For years, we’ve heard about the need to shift to more “renewable” energy sources. You have probably noticed more solar startup companies installing panels on your neighbors’ roofs. You also may have been struck by the increasing number of wind turbines on your commute to work or a recent road trip. Now alternatives to coal and other fossil fuels are becoming less futuristic and more the norm. As former Vice President Al Gore recently said, at the Climate Action 2016 Summit, “We are entering the era of renewables, and it’s a very exciting new reality.”
Yet coal remains one of the dirtiest energy sources, here and abroad. It’s use to generate electricity is directly linked to global warming. According to nonprofit advocate Green America, “Unless we move quickly to reduce and clean up our use of coal as an energy source, we will pass the tipping point beyond which the effects of global warming become irreversible.”
Here are five ways that wind is pulling ahead in the energy battle.
Cost. Price remains the key reason wind is beating out coal. Wind power is growing increasingly less expensive, which of course makes it attractive to any industry looking to cut operating costs. Utility executives say that wind energy is the least expensive energy source out of all possible choices. According to a recent article in the Durango Herald, “The most dramatic change has been seen in the plummeting cost of emissions-free wind energy, which has declined by two-thirds in the last six years thanks to the availability of cheaper, more efficient turbines.” With such turbines, the only noteworthy cost remains the development of the wind farm. From there, there is not a significant amount of maintenance required, making the long-term return of a wind turbine pretty impressive.
Efficiency. Wind power has a good reputation for being rather efficient. Most of the newer wind turbines produce electricity between 70% and 85% of the time. In a recent article, energy writer Michael Kanellos reported an experiment from Good Magazine which measured how much of each type of energy would be required to power a lightbulb for a whole year. While it would take a hefty 714 pounds of coal, it would take wind turbines only “2 hours, 20 minutes and 9 seconds from a 1.5 MW turbine at 25% capacity.” Just over two hours for a whole year’s worth of lightbulb light? As opposed to hundreds of pounds of coal? Seems like a no-brainer.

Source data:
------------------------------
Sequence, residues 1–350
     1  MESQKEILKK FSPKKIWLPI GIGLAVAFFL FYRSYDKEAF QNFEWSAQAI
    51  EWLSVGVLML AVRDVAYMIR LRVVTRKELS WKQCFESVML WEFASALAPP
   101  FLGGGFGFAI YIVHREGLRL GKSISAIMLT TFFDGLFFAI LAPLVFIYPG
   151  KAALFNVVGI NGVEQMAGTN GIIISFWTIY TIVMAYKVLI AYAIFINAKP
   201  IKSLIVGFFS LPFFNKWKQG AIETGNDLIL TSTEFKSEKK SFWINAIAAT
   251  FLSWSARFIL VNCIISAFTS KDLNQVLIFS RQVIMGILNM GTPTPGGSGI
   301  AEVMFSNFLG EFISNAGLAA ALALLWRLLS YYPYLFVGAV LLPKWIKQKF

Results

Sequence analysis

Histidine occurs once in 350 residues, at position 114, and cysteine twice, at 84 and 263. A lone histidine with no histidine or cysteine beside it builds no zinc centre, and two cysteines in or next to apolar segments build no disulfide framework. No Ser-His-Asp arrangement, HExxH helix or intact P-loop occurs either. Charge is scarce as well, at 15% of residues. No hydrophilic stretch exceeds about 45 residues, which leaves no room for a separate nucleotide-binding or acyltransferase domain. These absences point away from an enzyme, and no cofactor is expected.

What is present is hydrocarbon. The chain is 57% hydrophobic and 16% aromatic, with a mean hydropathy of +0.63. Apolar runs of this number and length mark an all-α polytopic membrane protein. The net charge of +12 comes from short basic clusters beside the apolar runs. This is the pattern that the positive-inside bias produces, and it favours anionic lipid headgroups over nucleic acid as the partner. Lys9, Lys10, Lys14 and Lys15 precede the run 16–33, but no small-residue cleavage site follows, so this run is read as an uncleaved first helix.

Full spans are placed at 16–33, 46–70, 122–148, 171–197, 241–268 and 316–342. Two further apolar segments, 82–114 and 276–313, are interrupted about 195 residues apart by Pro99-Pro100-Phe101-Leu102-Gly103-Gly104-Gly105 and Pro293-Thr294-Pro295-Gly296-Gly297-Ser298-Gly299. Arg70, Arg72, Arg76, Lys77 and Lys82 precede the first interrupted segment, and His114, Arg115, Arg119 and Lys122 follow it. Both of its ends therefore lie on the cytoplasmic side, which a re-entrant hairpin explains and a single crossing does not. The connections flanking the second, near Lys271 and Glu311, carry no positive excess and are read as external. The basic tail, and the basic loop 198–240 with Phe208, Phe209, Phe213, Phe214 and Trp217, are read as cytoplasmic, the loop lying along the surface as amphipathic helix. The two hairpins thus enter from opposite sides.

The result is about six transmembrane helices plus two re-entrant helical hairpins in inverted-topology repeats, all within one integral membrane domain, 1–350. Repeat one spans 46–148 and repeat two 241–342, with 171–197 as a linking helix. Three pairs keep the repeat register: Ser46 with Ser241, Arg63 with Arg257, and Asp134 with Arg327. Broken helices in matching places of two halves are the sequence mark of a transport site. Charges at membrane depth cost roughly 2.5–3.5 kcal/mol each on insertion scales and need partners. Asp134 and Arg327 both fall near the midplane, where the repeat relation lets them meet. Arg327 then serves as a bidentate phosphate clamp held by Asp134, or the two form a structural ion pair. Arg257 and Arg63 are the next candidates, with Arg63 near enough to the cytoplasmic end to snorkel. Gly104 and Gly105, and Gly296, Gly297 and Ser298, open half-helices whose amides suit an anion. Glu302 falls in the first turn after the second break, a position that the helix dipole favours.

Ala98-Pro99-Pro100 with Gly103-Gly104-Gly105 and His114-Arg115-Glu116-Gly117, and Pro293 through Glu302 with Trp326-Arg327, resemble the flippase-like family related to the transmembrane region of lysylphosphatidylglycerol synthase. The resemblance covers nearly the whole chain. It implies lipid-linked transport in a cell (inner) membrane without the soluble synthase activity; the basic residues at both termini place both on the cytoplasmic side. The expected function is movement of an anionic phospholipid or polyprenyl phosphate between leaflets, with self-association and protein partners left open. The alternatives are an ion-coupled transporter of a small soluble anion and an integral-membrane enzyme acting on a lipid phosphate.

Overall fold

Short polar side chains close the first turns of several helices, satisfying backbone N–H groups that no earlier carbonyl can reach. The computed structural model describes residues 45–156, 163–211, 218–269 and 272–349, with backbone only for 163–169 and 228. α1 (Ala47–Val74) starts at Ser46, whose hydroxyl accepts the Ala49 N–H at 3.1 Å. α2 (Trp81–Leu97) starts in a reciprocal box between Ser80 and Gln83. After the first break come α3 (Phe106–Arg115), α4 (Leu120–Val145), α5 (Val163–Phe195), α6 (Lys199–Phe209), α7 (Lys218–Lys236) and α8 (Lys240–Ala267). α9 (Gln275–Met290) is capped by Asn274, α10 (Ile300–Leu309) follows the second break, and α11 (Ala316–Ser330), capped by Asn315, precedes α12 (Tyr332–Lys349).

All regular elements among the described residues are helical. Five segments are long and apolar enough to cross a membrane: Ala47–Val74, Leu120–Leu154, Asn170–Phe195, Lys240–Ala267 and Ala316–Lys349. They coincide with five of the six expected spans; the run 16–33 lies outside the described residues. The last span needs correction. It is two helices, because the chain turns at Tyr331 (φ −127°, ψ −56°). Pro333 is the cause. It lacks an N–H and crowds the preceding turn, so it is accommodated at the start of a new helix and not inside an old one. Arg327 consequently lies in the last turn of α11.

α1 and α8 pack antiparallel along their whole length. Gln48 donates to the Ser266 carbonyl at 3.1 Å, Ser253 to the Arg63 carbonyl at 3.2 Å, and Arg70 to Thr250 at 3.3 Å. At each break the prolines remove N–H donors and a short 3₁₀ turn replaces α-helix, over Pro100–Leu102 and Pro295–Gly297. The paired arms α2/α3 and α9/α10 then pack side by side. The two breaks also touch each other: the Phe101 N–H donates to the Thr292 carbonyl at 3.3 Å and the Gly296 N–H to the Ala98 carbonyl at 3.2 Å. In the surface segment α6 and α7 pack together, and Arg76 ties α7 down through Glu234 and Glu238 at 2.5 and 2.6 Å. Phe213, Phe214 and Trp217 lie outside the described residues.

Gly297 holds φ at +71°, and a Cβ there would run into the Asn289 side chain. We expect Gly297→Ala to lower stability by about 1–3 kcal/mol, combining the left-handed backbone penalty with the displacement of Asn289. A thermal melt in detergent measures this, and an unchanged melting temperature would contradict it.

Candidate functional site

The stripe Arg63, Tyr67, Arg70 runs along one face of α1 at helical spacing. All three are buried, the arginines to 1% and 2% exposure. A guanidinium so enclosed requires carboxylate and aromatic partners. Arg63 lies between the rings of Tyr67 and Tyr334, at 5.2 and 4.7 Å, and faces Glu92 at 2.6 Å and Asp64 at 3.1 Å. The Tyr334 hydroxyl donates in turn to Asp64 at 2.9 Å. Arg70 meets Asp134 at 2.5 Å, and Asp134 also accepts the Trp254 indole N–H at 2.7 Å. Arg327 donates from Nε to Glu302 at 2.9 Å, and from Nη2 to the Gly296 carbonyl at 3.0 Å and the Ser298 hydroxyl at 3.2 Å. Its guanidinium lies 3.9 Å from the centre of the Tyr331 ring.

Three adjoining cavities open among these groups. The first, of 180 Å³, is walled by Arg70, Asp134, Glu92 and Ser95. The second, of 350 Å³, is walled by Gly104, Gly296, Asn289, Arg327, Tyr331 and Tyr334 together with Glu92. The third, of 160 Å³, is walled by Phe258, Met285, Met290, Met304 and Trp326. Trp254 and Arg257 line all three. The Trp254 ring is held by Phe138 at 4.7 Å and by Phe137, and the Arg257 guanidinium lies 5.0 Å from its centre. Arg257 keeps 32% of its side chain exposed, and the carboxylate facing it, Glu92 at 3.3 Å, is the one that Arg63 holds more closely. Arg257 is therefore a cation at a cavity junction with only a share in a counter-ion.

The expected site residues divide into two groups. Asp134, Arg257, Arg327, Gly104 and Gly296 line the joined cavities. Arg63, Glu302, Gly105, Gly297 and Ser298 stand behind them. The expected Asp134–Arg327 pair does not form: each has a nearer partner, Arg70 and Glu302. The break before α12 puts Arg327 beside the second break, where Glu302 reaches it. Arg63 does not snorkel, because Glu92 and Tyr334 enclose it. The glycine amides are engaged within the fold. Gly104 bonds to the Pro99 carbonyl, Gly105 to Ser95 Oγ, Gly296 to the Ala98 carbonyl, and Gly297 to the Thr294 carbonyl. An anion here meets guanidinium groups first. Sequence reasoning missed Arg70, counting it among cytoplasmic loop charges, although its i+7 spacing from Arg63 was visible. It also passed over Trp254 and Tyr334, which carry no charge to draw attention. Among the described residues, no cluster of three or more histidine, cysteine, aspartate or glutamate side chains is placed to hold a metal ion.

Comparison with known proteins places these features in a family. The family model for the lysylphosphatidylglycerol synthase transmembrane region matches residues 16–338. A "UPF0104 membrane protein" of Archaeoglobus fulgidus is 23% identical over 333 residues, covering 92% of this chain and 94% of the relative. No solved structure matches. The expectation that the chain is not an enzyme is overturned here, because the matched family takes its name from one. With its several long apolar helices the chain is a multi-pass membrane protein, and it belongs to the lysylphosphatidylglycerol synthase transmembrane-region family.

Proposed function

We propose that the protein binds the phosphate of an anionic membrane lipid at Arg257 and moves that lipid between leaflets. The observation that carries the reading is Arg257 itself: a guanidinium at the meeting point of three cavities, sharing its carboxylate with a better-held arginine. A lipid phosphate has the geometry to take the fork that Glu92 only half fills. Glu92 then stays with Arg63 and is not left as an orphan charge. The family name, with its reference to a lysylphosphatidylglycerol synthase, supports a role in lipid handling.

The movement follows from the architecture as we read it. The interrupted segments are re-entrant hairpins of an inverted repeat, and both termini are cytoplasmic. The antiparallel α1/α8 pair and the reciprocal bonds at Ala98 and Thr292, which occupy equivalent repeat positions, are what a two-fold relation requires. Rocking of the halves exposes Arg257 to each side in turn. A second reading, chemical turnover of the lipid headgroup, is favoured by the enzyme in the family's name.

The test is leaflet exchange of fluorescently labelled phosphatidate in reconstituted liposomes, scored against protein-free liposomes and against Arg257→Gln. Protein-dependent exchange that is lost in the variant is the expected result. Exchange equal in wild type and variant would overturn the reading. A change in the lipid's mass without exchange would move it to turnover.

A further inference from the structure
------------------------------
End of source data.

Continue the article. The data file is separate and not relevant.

Environment. Coal produces greenhouse gases that are extremely harmful to the environment. Since the majority of U.S. coal plants do not control emissions, vast amounts of carbon dioxide, sulfur dioxide, mercury, and arsenic make their way into the atmosphere, harming animals, plants, and the Earth alike. As we know, carbon dioxide is the biggest cause of global warming. There are also a multitude of resources that must go into producing coal, the most alarming of which is water. In water-strained countries like India, often coal production must come to a halt when there is a shortage. On the other hand, the only harmful emissions caused by wind turbines occur in production and installation. However, the amount of clean energy produced by them far outweighs the emissions after a very short period of time.
Investment incentives. In the US, investors and entrepreneurs involved in wind energy can enjoy the Production Tax Credit and the Investment Tax Credit. Worth 2.3 cents for every kilowatt-hour of electricity generated, these types of incentives are meant to encourage our savviest businesspeople to stay involved in the renewable energy industry. In India, the government has pushed to offer low-interest financing for wind turbine farms.
Job creation. It is thought that wind turbine projects create 30% more jobs than coal plants. According to the U.S. Bureau of Labor Statistics, “wind turbine technician” is the country’s fastest-growing profession. What’s more, it doesn’t necessarily require a bachelor’s degree. With the profession’s 2014 median annual salary just under $50,000, it seems that the renewable energy field is offering lucrative professions that are alternatives to the increasingly expensive 4-year college route.
Wind turbine development projects also allow the more desolate, rural areas of the United States (and, around the world) to welcome new industry and create jobs. Most recently, MidAmerican Energy invested over $3 billion on wind turbines in Iowa, a state that already gets around a third of its energy from wind.
—Brett Murphy Hunt